I sound bitter about that but really I am not upset. That is just the way some people are and you need all kinds in your life. Some are just pointless in emergencies but some will be surprisingly tough and resilient… like me. đŸ™‚

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Books and celebrities

Last week I went to a talk at the LSE on Poetry and Friendship by Vikram Seth. Meeting my favourite authors (or at least getting to see them and hear them speak) is one of the best things about living in London.  I remember in 2008 when we encountered Mohsin Hamid and Kamila Shamsie among others at SOAS. This time, Vikram Seth actually made it to feel like a discussion in a living room as he talked and read out poetry. I have read his A Suitable Boy and absolutely loved it. My advice to those who are daunted by this 1400 page book is to start and not worry about finishing it. Just read a little bit each day and enjoy it while it lasts. My friend who absolutely adores Vikram Seth also gave me his mother’s autobriography, Leila Seth’s On Balance. I am reading this now and I am very happy for the long travel journeys in London because it gives me the perfect excuse to attack the fat books. I already have a pile waiting for me that I found at my cousin’s. Very excited. So far I would definitely recommend reading On Balance. There is something about reading about real people’s lives and everything they experienced. It makes me think that maybe everybody’s life is that interesting and the biographies just have to be written in an interesting way and they will be enjoyed. After all, isn’t that the whole concept of personal blogs?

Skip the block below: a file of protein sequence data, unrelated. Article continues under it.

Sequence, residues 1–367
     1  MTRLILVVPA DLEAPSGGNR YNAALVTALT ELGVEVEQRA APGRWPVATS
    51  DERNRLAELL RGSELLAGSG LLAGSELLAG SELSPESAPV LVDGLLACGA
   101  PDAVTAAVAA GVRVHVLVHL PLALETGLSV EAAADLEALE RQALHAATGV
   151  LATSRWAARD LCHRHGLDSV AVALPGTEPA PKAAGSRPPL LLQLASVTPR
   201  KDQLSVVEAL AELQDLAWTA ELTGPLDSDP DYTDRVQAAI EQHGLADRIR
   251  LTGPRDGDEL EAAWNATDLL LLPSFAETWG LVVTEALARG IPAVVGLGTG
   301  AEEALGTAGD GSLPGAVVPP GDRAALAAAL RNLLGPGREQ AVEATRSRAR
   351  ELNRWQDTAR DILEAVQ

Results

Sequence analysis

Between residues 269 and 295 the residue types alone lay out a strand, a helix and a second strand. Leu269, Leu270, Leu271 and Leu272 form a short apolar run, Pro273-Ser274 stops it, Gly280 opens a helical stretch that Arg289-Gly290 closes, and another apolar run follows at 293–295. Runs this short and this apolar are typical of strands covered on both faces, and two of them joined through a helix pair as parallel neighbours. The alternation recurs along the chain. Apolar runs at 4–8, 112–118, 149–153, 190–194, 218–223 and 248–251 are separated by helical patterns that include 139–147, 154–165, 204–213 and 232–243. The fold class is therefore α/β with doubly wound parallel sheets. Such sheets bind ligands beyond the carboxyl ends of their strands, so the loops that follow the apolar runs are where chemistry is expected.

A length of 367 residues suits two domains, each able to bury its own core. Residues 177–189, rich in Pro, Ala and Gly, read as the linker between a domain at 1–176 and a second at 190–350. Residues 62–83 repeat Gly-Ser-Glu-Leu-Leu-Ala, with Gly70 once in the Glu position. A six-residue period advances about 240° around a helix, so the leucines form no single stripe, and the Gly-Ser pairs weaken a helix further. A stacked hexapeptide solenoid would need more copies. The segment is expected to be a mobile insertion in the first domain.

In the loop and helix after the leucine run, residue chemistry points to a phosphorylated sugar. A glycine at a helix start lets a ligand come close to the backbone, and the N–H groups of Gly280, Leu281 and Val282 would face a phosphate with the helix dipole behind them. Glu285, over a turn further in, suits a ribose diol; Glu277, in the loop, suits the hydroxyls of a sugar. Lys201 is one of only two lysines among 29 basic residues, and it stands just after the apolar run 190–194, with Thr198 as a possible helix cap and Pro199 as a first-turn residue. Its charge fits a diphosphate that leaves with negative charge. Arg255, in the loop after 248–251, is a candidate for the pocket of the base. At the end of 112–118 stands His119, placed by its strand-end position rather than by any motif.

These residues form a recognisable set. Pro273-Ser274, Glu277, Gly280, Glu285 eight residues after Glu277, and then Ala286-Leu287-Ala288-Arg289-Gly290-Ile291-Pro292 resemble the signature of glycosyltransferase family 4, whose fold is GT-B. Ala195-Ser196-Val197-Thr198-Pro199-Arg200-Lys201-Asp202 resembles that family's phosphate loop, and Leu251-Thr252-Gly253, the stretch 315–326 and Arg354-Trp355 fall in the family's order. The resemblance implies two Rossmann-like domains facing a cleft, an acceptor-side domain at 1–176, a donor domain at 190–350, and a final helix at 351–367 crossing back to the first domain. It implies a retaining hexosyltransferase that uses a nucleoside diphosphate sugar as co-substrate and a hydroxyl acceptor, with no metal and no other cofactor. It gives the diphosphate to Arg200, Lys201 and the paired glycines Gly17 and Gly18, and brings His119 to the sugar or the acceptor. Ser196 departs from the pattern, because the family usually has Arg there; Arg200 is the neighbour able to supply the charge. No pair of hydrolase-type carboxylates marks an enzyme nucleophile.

A book review and a resolution

I have finished reading Chetan Bhagat’s 2 States: A story of my marriage and I must say that it is a very well-written book; extremely sweet and gripping as well as shocking at times. The story is of an inter-community marriage in India, a Punjabi marrying a Tamil to be exact. The shocking part was the racism inherent in the communities, the shallowness, the useless traditions that only serve to restrict individuality. The wonderful part was the patience and the integrity with which the protagonist handled the whole affair and how the couple carved out a place for their own ideas amidst the traditions.

It made me realise that I am a far way away from such patience. I guess I have a more uppity ‘this-is-simple-backward-and-wrong’ kind of attitude when it comes to a lot of what happens in Pakistani society. I am more comfortable in a place with inter-community, inter-racial and inter-religious marriages, where it is understood that the kids will speak 2 to 3 languages just like their parents, where diversity makes for familiar environment. After all, I live in the wonderful Bubble City where all this is possible harmoniously. (This is not sarcasm by the way. It is absolutely true.)